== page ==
HDAC4… not only a histone deacetylase

HIF1α is a transcriptional regulator which plays an essential role in the cellular response to hypoxia. As discussed in last week’s blog, prolyl hydroxylases (PHDs) mark HIFα subunits for degradation, but HIF1α can also be regulated by reversible acetylation. Earlier work in a VHL-null human RCC cell line noted that histone deacetylases (HDACs), such as HDAC4 and HDAC6, are associated with this process (Qian et al., 2006). However, the mechanism by which HDAC4 regulates HIF1α was not completely clear. Now, a related study by Geng et al. (2011) suggests that HDAC4 inhibition increases HIF1α acetylation, which decreases HIF1α stability, and reduces HIF1-mediated gene expression in a prostate (C42B) and liver (Hep3Bc1) cancer cell line.

In this study, hypoxic Hep3Bc1 cells had significantly less HIF1α protein present after shRNA-mediated knockdown of HDAC4, with a similar result being obtained using CoCl2 as a hypoxic mimic in C42B cells. The proteasome inhibitor MG132 was able to rescue this effect and maintain levels of HIF1α in CoCl2-treated Hep3Bc1 cells after HDAC4 shRNA knockdown, and this HIF1α was also more acetylated. Using the protein synthesis inhibitor cyclohexamide, HIF1α also degraded faster in CoCl2-treated Hep3Bc1 cells after HDAC4 shRNA knockdown, when compared to shRNA controls. In contrast, shRNA knockdown of HDAC1 and HDAC3 did not decrease HIF1α protein levels in hypoxic Hek293 cells. Co-immunoprecipitation experiments in Hek293T cells also showed that HIF1α interacts with HDAC4, and that HDAC4 (but not HDAC1) overexpression reduced the levels of acetylated HIF1α observed by western blot. Together, these experiments suggest that HDAC4 specifically influences both HIF1α acetylation and stability.

Subsequent mass spectrometric analysis indicated that the first 30 amino acids of HIF1α may be acetylated, and site-directed mutagenesis of all 5 lysines in this region produced a HIF1α mutant that had significantly lower levels of acetylation than wild-type HIF1α. Overexpression of HDAC4 in Hek293T cells had no effect on the acetylation and protein levels of the HIF1α mutant, and HDAC4 shRNA knockdown in CoCl2-treated Hek293 cells also had no effect on this mutant’s protein levels. The HIF1α mutant was also resistant to HDAC inhibitor (SAHA)-mediated degradation in Hek293T cells, further emphasising the importance of these residues in the regulation of HIF1α.

Using qRT-PCR, it could be seen that the hypoxic upregulation of the HIF1α-target genes VEGFA, LDHA and GLUT1 was inhibited by shRNA knockdown of HDAC4 when compared to shRNA controls in both cancer cell lines. Genes such as LDHA and GLUT1 are involved in glycolysis, and accordingly, shRNA knockdown of HDAC4 in Hep3Bc1 and C42B cells significantly reduced hypoxia-induced lactate production when compared to controls. Additionally, after HDAC4 shRNA knockdown, Hep3Bc1 cells grew slower under long-term hypoxia, and hypoxic C42B cells were also more sensitive to the cytotoxic agent docetaxel. This latter result could have therapeutic implications, as HIF signalling has been shown to play a role in tumourigenesis in a number of disorders, including BHD syndrome (Preston et al., 2010).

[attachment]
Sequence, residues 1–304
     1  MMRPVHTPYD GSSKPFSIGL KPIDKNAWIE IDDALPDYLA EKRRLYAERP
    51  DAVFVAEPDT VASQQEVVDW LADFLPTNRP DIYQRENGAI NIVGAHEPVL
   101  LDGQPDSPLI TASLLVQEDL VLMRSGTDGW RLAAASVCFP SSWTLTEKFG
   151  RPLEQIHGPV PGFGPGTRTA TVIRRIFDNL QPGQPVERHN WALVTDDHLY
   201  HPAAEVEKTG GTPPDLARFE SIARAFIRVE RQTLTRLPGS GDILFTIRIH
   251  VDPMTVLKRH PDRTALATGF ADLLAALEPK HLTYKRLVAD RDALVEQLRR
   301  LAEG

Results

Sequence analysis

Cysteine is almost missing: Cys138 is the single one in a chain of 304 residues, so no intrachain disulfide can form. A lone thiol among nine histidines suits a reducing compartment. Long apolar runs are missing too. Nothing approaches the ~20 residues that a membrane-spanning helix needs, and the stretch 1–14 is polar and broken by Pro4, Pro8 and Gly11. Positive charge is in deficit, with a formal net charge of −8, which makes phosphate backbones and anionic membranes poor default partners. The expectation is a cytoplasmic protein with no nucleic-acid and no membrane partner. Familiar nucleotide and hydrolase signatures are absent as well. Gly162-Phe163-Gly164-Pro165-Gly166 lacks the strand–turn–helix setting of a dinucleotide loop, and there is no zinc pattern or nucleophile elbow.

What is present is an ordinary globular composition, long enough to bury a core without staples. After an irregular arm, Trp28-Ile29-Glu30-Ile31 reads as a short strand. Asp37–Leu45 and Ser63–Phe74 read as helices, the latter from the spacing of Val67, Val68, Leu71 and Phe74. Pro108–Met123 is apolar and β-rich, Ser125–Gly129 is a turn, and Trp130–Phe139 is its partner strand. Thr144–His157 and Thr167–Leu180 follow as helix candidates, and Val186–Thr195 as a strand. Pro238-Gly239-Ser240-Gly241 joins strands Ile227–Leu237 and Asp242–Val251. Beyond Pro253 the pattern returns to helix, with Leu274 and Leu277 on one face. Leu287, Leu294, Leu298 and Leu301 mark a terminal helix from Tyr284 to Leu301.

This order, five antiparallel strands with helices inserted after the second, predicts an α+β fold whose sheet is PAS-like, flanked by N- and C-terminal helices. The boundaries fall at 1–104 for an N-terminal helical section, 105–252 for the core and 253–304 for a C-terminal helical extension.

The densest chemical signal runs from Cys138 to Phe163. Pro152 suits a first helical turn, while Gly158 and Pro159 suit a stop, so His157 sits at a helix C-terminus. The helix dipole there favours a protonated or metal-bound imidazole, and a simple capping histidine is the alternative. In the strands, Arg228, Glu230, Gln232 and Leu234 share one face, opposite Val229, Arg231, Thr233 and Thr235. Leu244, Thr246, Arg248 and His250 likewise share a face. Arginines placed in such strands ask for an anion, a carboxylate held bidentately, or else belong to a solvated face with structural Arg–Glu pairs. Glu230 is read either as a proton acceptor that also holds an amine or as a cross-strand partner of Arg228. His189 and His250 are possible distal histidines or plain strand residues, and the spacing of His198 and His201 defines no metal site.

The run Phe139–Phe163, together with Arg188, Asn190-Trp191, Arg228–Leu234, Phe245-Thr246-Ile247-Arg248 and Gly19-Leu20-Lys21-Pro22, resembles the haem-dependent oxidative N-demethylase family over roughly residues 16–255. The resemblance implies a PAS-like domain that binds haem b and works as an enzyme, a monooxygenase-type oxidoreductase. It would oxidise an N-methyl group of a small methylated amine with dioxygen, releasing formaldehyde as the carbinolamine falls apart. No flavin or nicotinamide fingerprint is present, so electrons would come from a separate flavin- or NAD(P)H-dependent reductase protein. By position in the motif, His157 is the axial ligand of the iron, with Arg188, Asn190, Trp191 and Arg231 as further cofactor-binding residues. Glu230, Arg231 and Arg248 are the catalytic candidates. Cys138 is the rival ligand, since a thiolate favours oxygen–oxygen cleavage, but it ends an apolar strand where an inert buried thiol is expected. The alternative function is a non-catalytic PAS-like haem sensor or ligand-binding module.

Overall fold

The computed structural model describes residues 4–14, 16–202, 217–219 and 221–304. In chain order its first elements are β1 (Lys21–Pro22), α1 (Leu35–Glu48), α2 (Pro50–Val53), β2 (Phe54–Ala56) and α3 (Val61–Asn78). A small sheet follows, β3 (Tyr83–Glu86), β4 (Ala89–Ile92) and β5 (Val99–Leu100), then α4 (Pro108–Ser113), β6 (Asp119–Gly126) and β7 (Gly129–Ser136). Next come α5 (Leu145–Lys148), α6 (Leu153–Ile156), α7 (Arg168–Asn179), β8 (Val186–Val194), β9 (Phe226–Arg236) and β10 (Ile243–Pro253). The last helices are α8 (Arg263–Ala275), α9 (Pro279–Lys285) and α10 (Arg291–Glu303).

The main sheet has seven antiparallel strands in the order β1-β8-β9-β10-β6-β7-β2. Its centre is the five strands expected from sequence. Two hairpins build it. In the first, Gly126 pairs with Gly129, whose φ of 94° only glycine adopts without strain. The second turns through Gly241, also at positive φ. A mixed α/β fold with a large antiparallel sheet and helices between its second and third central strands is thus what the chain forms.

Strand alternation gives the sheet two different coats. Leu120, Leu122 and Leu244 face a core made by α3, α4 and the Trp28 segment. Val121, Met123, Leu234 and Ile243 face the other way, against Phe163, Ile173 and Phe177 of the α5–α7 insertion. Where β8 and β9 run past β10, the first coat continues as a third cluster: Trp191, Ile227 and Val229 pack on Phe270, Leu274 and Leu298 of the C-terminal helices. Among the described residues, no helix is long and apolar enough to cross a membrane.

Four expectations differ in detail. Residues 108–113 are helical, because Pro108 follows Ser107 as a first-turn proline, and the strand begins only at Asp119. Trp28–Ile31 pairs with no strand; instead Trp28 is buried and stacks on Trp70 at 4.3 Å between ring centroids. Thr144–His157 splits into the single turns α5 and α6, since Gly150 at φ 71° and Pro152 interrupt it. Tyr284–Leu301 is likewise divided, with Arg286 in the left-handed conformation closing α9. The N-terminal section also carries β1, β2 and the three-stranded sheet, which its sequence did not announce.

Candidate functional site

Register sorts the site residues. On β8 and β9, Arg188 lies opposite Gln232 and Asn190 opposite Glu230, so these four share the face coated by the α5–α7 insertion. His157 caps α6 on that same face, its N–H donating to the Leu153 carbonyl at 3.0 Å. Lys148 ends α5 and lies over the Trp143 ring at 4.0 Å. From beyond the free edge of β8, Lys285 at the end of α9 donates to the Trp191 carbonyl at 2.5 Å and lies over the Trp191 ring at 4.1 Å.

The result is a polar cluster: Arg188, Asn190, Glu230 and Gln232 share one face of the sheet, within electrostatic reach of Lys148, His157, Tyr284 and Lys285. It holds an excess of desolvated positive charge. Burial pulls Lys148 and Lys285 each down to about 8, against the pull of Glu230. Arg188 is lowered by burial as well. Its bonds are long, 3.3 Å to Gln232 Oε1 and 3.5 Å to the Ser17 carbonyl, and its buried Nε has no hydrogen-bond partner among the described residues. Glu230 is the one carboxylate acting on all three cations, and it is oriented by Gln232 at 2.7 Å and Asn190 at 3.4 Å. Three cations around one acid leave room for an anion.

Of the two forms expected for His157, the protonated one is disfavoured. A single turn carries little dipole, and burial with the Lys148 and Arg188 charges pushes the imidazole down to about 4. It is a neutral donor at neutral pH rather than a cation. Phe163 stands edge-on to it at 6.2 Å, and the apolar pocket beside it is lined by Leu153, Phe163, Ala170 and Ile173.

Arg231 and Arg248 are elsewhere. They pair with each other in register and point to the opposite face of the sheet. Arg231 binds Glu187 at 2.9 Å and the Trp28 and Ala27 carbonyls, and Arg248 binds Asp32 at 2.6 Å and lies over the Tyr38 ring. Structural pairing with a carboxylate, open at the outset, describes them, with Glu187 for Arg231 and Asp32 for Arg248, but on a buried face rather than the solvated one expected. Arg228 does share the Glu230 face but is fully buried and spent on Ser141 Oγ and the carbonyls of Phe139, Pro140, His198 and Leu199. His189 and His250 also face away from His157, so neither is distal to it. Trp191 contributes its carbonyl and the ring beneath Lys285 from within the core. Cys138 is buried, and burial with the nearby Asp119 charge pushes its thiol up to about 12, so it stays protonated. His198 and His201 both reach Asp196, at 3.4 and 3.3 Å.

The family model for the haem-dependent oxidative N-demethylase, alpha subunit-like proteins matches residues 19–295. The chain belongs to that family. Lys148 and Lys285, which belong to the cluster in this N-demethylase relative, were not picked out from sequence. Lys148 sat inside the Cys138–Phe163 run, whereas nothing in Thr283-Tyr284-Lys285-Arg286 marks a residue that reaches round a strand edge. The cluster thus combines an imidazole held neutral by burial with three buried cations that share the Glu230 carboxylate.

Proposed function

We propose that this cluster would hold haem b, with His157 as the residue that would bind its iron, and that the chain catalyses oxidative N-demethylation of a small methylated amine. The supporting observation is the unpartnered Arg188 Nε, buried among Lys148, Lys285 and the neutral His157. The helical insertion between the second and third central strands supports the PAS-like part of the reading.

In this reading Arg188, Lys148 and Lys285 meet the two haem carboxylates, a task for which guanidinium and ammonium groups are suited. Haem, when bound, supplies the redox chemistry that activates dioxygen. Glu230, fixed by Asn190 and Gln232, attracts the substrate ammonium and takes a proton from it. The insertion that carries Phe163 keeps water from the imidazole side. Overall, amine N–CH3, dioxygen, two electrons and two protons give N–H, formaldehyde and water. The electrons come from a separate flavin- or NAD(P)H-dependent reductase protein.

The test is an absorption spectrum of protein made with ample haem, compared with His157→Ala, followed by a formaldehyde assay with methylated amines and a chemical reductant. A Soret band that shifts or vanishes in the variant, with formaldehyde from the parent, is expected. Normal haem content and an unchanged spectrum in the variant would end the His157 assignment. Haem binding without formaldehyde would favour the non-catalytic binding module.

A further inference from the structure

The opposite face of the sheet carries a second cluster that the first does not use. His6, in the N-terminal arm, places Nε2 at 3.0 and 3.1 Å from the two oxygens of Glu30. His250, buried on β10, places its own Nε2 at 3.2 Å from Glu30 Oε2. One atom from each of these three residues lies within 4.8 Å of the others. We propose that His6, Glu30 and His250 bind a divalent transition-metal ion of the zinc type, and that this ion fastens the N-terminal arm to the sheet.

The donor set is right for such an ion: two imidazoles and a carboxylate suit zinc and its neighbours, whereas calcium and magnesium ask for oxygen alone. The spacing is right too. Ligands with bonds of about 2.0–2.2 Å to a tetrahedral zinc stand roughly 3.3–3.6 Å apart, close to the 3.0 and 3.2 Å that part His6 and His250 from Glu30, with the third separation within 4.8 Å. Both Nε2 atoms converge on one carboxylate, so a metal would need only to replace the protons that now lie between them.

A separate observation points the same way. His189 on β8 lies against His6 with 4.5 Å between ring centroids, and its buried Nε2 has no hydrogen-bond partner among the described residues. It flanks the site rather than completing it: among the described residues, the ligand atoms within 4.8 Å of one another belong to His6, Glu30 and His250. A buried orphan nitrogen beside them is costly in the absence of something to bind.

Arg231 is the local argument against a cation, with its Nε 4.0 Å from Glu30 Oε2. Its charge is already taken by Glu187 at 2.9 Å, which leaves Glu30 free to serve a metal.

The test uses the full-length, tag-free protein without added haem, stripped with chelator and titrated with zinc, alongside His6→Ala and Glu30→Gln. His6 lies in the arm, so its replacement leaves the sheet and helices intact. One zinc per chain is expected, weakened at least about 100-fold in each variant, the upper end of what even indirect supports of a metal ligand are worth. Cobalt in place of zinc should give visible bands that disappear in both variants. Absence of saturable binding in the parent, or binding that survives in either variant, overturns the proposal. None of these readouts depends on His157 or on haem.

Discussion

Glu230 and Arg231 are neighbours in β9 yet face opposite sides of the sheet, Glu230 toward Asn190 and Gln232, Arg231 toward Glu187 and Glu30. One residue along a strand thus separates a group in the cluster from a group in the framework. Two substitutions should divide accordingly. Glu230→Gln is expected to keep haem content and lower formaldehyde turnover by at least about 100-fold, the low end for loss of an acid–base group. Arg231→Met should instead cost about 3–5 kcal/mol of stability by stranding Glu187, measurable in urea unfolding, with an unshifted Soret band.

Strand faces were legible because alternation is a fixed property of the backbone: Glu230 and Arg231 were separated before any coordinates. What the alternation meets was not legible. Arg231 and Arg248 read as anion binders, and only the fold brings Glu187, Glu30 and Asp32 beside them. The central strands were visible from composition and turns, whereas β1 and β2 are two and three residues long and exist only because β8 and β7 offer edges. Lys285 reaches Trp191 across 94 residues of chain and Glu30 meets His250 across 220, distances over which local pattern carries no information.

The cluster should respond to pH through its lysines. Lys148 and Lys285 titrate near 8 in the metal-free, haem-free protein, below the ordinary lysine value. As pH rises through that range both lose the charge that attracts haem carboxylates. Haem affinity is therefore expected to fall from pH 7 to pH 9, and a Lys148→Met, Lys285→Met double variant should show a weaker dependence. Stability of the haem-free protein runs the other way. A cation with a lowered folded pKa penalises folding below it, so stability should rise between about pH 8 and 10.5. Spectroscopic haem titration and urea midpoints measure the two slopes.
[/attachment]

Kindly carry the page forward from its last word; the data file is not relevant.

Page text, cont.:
Additionally, although the functional implications of HIF1α lysine acetylation are yet to be fully elucidated, it is useful to remember that HDACs and their inhibitors do not only augment transcription through chromatin regulation (as observed by Cash et al., 2011), but also through the direct modulation of transcription factors themselves.


  • Cash TP, Gruber JJ, Hartman TR, Henske EP, & Simon MC (2011). Loss of the Birt-Hogg-Dubé tumor suppressor results in apoptotic resistance due to aberrant TGFβ-mediated transcription. Oncogene, 30 (22), 2534-46. PMID: 21258407
  • Geng H, Harvey CT, Pittsenbarger J, Liu Q, Beer TM, Xue C, Qian DZ (2011). HDAC4 regulates HIF1{alpha} lysine acetylation and cancer cell response to hypoxia. J Biol Chem. Sep 14. [Epub ahead of print]. PMID: 21917920
  • Preston RS, Philp A, Claessens T, Gijezen L, Dydensborg AB, Dunlop EA, Harper KT, Brinkhuizen T, Menko FH, Davies DM, Land SC, Pause A, Baar K, van Steensel MA, & Tee AR (2011). Absence of the Birt-Hogg-Dubé gene product is associated with increased hypoxia-inducible factor transcriptional activity and a loss of metabolic flexibility. Oncogene, 30 (10), 1159-73. PMID: 21057536
  • Qian DZ, Kachhap SK, Collis SJ, Verheul HM, Carducci MA, Atadja P, Pili R (2006). Class II histone deacetylases are associated with VHL-independent regulation of hypoxia-inducible factor 1 alpha. Cancer Res. Sep 1; 66(17): 8814-21. PMID: 16951198
www.bhdsyndrome.org – the primary online resource for anyone interested in BHD Syndrome.

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